Check Your Understanding: Concept checks to confirm students understand content at the end of every section immediately before the exercise sets are provided to help bolster confidence before embarking on homework.

People in Mathematics: A mix of historic and contemporary profiles aimed to incorporate extensive diversity in gender and ethnicity. The profiles incorporate how the person’s contribution has benefitted students or is relevant to their lives in some way.

Who Knew?: A high-interest feature designed to showcase something interesting related to the section contents. These features are crafted to offer something students might be surprised to find is so relevant to them.

Work It Out: Offers some activity ideas in line with the sections to support the learning objectives.

Tech Check: Highlights technologies that support content in the section.

Projects: A feature designed to put students in the driver’s seat researching a topic using various online resources. It is intended to be primarily or wholly non-computational. Projects utilize online research and writing to summarize their findings.

Section Summaries

Section summaries distill the information in each section for both students and instructors down to key, concise points addressed in the section.

Key Terms

Key terms are bold and are followed by a definition in context.

Answers and Solutions to Questions in the Book

Answers for Your Turn and Check Your Understanding exercises are provided in the Answer Key at the end of the book. The Section Exercises, Chapter Reviews, and Chapter Tests are intended for homework assignments or assessment; thus, student-facing solutions are provided in the Student Solution Manual for only a subset of the exercises. Solutions for all exercises are provided in the Instructor Solution Manual for instructors to share with students at their discretion, as is standard for such resources.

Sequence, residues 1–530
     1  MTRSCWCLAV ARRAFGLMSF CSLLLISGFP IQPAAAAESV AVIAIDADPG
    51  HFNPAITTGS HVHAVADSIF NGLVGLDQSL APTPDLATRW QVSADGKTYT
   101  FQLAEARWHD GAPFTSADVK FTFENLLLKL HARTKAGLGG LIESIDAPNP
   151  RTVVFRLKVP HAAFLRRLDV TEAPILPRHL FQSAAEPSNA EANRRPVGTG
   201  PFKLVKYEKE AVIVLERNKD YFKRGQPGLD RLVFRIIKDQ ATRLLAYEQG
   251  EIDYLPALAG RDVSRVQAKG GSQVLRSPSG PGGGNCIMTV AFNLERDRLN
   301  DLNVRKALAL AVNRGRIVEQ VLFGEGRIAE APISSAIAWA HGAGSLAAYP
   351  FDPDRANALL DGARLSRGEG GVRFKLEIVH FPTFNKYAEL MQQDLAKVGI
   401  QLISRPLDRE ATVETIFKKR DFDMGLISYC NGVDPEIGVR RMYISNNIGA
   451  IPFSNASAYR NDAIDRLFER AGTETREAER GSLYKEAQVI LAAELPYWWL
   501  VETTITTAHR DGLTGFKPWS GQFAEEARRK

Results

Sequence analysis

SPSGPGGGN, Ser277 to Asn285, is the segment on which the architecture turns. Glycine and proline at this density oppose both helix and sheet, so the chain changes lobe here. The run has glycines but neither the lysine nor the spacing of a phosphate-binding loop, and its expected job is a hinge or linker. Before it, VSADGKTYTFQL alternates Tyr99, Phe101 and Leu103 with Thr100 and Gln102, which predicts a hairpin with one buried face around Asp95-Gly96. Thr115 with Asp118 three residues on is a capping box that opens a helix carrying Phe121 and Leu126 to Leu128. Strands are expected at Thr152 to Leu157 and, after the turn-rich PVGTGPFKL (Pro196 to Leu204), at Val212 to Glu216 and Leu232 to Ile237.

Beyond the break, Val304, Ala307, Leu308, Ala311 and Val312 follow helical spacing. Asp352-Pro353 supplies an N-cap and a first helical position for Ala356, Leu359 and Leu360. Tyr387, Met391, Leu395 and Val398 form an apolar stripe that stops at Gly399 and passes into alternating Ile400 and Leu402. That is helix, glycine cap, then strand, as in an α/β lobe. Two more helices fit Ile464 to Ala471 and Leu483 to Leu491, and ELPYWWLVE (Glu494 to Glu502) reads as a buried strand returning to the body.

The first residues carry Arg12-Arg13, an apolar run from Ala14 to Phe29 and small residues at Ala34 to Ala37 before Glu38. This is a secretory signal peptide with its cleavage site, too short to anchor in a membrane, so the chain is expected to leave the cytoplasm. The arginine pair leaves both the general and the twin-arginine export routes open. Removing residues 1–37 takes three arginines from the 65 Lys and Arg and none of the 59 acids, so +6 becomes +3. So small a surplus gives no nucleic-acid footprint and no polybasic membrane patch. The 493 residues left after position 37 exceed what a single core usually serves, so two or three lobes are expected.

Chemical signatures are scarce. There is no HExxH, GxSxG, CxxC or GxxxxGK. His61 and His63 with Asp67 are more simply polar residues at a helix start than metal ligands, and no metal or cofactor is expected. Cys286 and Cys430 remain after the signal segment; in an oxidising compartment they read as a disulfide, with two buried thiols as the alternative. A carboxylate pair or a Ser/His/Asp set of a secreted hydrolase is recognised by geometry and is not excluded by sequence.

About the Authors

Senior Contributing Author

Donna Kirk, University of Wisconsin at Superior

Donna Kirk received her B.S. in Mathematics from the State University of New York at Oneonta and her master’s degree from City University – Seattle in Educational Technology and Curriculum Design. After teaching math in higher education for more than twenty years, she joined University of Wisconsin’s Education Department in 2021, teaching math education for teacher preparation. She is also the director of a STEM institute focused on connecting underrepresented students with access to engaging and innovative experiences to empower themselves to pursue STEM related careers.